Comment: On a fundamental level, human activities and societal processes sustained by the exchange of printed information depended on the inter-institutional relations of the post office and press. Before the advent of the telegraph, the postal system afforded the only widespread and regular means of transmitting public information. In short, the post office and press together constituted the most important mechanism for the dissemination of public information at least until the Civil War, and the intelligence thus communicated affected many spheres of life in the growing nation, including politics.
Interests of various kinds maneuvered to obtain advantages-whether political, cultural, or business by influencing postal operations. In the late 1700s, the government declared the entire transportation system, including postal service, to be the exclusive domain of the state, “a direct political channel”, as well as the opportunity to increase state revenues, naturally fueled expansion of the communication network.

Chapter 2

Quote: "A free press was one that was open to all points of view (a common carrier), not one that exclusively expressed a viewpoint of its own" (p. 60).

Comment: The concept of the free press as the sentinel who guards democracy has been deeply rooted in American history. The Founders of the United States supported that concept eloquently and without exception. Accordingly, the press was the only commercial enterprise given specific constitutional protection: i.e., the First Amendment. Following the basic intent of the free press principle, courts have rather consistently ruled that if a subject is "newsworthy" it comes under First Amendment protection; the courts have generally said they decline to substitute their judgment on newsworthiness for that of editors. Thus openness to all viewpoints as opposed to a single opinion is necessary from both an ethical and a legal standpoint.

Chapter 1

Quote: "Markets themselves are information networks, and expanding commerce opened up new channels of communication" (p. 25)

Comment: Essentially, what Starr seems to be saying here, is that information, as a commodity, may be defined in terms of market demand. However the use of the system must be tailored to the nature of the information needed. Of course, the meanings of media and information are negotiable in that they are vulnerable to the active or reactive work of individuals and households as they transform and translate the public and alienating offerings of the formal economy into accessible and acceptable terms.

Sunday, March 04, 2007

Bread and the Newspaper

Oliver Wendell Holmes article "Bread and the Newspaper" in the Atlantic M0nthly talks about the introduction of the telegraph and the connection it had with newspapers. The telegraph in 1861 was changing the way that information could be processed due to the speed that one could receive the information. Joined together with newspapers, "this perpetual intercommunication, joined to the power of instantaneous action, keeps us always alive with excitement." (Holmes 132) Holmes uses the American Revolutionary War and the Mexican War of Independence in 1812 as examples of information that was never readily available. He says, "War is a new thing to all of us who are not in the last quarter of our century." because now the whole nation is now penetrated by the ramifications of a network of iron nerves..." (Holmes 132) The technological advancement of the telegraph increased the rate at which newspapers received vital information for publishing and with the help of other technological advancements as the railroad for distribution, the whole country was interconnected and could receive information swiftly and thoroughly. With the increased amount of information available "this instant diffusion of every fact and feeling produces another singular effect in the equalizing and steadying of public opinion." (Holmes 133) The most important result of the telegraph might have been that with free speech already established, it provided society an opportunity for increased public opinion and activism in all current events at that time.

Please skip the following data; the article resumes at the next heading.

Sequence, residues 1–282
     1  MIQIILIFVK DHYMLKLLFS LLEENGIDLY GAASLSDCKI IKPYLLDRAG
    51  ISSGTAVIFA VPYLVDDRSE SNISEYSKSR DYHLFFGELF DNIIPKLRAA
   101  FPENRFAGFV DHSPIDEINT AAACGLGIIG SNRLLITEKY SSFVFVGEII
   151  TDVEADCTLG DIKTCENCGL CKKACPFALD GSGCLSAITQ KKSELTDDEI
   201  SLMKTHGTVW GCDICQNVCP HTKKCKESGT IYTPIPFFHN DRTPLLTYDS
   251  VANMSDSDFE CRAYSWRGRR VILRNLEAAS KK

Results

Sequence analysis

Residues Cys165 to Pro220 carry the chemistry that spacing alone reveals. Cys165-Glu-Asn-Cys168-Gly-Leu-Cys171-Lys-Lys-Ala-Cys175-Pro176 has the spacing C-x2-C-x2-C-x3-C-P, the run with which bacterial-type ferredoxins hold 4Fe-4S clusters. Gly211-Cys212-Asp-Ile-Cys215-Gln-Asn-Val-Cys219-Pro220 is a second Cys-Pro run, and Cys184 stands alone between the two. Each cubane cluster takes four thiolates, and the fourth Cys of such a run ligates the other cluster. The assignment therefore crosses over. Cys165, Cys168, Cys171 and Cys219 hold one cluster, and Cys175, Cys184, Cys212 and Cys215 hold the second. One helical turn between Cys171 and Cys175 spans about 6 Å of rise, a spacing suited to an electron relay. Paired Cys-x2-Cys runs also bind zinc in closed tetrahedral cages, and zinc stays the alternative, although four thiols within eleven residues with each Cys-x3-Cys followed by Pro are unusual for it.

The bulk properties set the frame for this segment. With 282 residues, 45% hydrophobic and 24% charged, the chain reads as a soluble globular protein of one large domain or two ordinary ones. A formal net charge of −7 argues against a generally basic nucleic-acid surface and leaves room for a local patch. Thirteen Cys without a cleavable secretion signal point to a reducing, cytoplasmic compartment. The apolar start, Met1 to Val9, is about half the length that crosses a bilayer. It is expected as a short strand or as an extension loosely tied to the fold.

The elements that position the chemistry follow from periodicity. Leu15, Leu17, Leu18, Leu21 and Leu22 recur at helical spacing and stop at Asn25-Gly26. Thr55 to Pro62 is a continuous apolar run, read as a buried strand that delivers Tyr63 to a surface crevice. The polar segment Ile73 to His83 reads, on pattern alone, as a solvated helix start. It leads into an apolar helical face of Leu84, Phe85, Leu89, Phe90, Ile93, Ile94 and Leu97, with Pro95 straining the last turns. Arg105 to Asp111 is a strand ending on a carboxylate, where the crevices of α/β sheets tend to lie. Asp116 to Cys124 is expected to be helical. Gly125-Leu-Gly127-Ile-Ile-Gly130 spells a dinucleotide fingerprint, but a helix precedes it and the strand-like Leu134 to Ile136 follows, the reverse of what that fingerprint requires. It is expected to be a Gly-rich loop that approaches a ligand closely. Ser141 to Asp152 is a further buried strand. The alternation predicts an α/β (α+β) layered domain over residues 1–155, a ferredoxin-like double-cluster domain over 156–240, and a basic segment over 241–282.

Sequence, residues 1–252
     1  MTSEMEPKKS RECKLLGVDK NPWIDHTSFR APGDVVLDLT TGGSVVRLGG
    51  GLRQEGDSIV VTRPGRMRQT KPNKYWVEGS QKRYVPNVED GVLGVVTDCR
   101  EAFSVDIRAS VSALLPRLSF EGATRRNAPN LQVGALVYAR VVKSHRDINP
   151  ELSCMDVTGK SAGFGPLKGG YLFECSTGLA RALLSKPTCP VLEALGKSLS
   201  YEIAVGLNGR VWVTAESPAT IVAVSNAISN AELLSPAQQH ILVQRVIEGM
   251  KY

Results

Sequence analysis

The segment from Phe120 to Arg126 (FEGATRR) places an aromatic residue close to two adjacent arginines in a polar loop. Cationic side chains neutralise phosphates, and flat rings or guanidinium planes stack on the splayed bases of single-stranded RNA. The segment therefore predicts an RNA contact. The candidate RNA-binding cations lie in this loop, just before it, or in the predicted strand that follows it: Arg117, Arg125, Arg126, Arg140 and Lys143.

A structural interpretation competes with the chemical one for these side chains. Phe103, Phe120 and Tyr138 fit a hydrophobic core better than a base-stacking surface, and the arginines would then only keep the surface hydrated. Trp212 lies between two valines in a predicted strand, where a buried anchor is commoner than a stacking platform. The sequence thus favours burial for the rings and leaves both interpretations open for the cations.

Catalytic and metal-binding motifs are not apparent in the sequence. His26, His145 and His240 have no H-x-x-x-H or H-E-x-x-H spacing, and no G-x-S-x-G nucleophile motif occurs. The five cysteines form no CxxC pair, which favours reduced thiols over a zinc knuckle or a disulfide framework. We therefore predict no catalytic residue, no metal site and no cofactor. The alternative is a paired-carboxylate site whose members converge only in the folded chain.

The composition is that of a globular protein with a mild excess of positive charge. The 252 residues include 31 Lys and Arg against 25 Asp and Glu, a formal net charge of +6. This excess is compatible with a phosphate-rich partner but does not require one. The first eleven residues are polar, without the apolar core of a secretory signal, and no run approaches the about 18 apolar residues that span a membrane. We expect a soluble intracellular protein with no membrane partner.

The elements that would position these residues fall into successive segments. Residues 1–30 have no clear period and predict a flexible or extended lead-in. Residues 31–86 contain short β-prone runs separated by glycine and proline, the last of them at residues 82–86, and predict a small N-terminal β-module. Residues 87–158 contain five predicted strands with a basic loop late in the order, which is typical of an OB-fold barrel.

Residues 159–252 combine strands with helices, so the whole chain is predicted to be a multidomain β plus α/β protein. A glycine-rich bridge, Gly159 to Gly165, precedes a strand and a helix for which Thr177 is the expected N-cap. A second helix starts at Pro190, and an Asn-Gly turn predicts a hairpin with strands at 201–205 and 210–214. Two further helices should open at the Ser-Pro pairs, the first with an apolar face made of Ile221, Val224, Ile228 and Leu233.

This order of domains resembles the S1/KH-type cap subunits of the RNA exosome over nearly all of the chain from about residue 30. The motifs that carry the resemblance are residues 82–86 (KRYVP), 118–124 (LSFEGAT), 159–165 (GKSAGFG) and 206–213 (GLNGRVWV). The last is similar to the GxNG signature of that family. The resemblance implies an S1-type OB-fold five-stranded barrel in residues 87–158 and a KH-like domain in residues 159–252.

Re-Mix Hip Hop Lecture 3/1/07

After attending the Hip-Hop lecture I felt like I had a new understanding about the influences that Hip-Hop has on our culture and society. Personally, I am not a big rap or hip-hop person, but there are songs that I do like to hear occasionally. On the other hand the lyrics that are heard do influence people in different ways and can hurt people. I felt Eminem was a prime example of this because of his lyrics against homosexual people and other groups. Derogatory words such as "Ho, Bitch, and Nigger are destructive" according to Pres. Butts and I would have to agree with his assessment. Their should be a change made to fix these problems not only in single households but in larger society as a whole. The portrayal of violence, sex, and the mistreatment of woman must stop because it sets horrible examples for the youth in society. It is a shame that "mediocre, unintelligent, low life people exploit music to put money in their pockets such as artists and the record companies". (Pres. Butts) I agree, with President Butts and think music should be used to exploit the better qualities in society and according to Angie Beatty people can be empowered to change the negatives to positives through creativity, art, and being actively informed in their neighborhoods. Ultimately, free speech is one of the most important precedents since the beginning of our country and the responsibility is lies in the hands of the music artists and record companies to stop vulgar, profane, demeaning lyrics that can hurt the citizens of this country.